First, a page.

A new study published in Science looked at thousands of marine animals over a 540-million-year evolutionary span. Their conclusion: Most of them got larger.
The test is as simple as a pregnancy test. So it could help health workers find and stop new outbreaks more quickly. But it doesn't catch every case and still requires some lab equipment.
Nancy Kanwisher studies the brain partly by staring at her own. She's spent countless hours in an fMRI scanner, mapping her own brain to gain insight into what makes us human.
Sensing the motives and feelings of others is a natural talent for humans. But how do we do it? Neuroscientist Rebecca Saxe explains how one region in the brain focuses on other people's thoughts.
Philosopher David Chalmers asks why humans have a sense of self, a constantly-running movie full of sensation and internal chatter. He offers two ideas about the nature of consciousness.
Neuroscientist Suzana Herculano-Houzel turns brains into soup, so she can meticulously count the neurons, and determine why human brains are unique.
When neuroanatomist Jill Bolte-Taylor felt her brain shut down during a stroke, she was more fascinated than panicked. Even though she spent eight years recovering, she's grateful for the stroke.
The outbreak of drug-thwarting bacteria that contributed to the deaths of two patients at a UCLA hospital isn't likely to spread further, doctors say. Still, drug resistance is trouble nationwide.
Sharpen your Swiss Army knives and grab an extra roll of duct tape because Mac may be coming back. The creators are looking to the fans to design the new show. And there's one big twist.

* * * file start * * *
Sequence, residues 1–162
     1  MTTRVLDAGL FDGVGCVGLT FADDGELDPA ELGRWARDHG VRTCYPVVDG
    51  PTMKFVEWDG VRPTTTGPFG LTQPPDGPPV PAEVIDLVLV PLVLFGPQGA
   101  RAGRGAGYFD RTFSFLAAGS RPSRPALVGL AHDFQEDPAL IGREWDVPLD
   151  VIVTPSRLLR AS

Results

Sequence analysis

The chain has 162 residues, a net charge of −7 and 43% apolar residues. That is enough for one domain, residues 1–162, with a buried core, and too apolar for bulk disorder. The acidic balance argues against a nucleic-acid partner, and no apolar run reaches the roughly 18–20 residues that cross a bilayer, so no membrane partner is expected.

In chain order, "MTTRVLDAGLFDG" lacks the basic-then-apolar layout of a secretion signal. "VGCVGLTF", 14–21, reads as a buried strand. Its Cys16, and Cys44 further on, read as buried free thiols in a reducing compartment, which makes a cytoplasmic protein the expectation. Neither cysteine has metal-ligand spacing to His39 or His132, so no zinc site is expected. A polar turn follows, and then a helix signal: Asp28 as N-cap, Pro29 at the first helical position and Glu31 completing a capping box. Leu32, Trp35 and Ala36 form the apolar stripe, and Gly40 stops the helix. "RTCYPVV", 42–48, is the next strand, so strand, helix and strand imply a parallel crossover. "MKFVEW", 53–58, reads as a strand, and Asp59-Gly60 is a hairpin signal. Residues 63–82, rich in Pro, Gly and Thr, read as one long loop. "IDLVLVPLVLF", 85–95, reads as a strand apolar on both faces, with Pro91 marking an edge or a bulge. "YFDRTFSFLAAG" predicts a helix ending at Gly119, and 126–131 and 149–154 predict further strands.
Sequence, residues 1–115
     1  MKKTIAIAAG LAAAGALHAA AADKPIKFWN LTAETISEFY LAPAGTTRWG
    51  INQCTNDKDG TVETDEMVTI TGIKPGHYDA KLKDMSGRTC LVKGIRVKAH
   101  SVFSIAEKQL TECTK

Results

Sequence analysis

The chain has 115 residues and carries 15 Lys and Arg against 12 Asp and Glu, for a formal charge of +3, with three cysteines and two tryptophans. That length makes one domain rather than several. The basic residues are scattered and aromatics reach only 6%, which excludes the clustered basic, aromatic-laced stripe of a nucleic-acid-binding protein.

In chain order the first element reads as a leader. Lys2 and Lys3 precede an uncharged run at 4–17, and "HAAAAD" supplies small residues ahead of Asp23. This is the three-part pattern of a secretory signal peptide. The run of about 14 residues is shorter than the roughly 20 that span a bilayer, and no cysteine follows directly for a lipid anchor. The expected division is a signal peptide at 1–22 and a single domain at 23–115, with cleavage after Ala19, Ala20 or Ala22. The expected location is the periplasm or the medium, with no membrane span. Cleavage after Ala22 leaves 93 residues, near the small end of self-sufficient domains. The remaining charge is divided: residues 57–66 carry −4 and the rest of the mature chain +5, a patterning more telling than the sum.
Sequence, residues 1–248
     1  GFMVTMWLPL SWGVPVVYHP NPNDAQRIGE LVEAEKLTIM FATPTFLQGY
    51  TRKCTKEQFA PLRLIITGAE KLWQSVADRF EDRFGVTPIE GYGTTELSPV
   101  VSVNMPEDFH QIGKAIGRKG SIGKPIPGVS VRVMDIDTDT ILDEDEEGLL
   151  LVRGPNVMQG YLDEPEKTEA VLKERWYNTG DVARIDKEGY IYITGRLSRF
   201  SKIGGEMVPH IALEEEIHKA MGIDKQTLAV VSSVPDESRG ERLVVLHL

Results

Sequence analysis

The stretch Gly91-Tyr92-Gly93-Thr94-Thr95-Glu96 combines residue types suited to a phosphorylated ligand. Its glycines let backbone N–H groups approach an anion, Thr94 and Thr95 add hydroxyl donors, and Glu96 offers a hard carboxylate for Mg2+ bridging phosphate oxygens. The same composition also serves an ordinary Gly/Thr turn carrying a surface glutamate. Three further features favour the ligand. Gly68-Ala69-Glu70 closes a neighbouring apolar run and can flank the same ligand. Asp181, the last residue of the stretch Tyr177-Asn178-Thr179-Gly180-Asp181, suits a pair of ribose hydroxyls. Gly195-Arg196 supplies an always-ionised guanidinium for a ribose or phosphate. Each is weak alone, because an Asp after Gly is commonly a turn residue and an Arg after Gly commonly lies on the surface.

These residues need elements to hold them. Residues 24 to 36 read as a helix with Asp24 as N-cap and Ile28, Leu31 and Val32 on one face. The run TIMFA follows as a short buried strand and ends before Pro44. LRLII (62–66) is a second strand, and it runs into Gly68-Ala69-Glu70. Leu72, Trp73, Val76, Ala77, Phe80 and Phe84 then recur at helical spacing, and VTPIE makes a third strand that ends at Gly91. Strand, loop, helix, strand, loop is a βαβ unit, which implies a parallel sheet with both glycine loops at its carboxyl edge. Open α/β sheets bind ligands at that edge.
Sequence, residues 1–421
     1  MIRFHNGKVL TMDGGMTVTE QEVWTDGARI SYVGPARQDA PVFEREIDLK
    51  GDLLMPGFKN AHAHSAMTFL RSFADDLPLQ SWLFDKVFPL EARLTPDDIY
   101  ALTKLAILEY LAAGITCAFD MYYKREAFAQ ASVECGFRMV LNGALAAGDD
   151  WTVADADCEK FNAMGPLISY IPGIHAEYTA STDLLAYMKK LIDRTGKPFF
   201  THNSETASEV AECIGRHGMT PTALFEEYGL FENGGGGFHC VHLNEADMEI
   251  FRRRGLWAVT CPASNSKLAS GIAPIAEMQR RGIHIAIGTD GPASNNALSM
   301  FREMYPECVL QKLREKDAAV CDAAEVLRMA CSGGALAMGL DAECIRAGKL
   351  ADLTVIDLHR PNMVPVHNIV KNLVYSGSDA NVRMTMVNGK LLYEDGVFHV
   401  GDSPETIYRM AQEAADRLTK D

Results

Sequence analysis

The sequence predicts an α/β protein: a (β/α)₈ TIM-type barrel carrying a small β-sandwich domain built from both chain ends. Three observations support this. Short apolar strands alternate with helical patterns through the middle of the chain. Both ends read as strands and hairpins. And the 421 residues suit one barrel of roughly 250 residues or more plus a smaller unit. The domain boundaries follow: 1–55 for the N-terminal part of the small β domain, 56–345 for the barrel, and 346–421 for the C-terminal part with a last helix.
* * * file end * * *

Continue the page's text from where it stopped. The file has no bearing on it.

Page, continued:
The Food and Drug Administration has approved a drug that thwarts some enzymes breast cancer cells use to evade treatment with estrogen-blocking drugs.
Scientists have found some human DNA that, when added to mice, makes their brains bigger. But as DNA research into human brains goes forward, are there ethical lines we shouldn't cross?
Our lives are now so noisy that we're at risk of shutting out nature's beautiful sounds, a new study shows. Anthropologist Barbara J. King invites us to be still and listen to the world.
Humiliation, fear and unpredictability all turn up the volume on pain, research shows. And meditation can turn down pain's intensity, according to scientists who are starting to figure out why.
Fat has a lot in common with the five basic tastes: salty, sweet, sour, bitter and umami. But while people easily recognize the texture of fat, scientists say they can't quite perceive the taste.
Where there's pot, there's often an insatiable hunger. Now researchers have a big clue why: Cannabinoids, the drug in marijuana, appear to flip a neural circuit that normally tells us we're full.
New psychological research explores a phenomenon known as the entourage effect. We hear why people like to create their own entourages.
Working as a professor isn't an easy job anywhere. But try doing innovative research with only four hours of electricity a day, no access to the Internet and hostility from male colleagues.
Savory fish are a staple for penguins, but the poor birds lack the ability to taste the umami flavor of their meals. One hypothesis? The genes at play got frozen out of commission.
Physicist Robert Davies worked with a classical quartet and two visual artists to create a musical performance about climate change. The music and images, he says, help the information take hold.
Is the FDA being sexist, or appropriately cautious in requiring stringent evidence that the latest pill works and is safe? Women's advocacy groups aren't sure.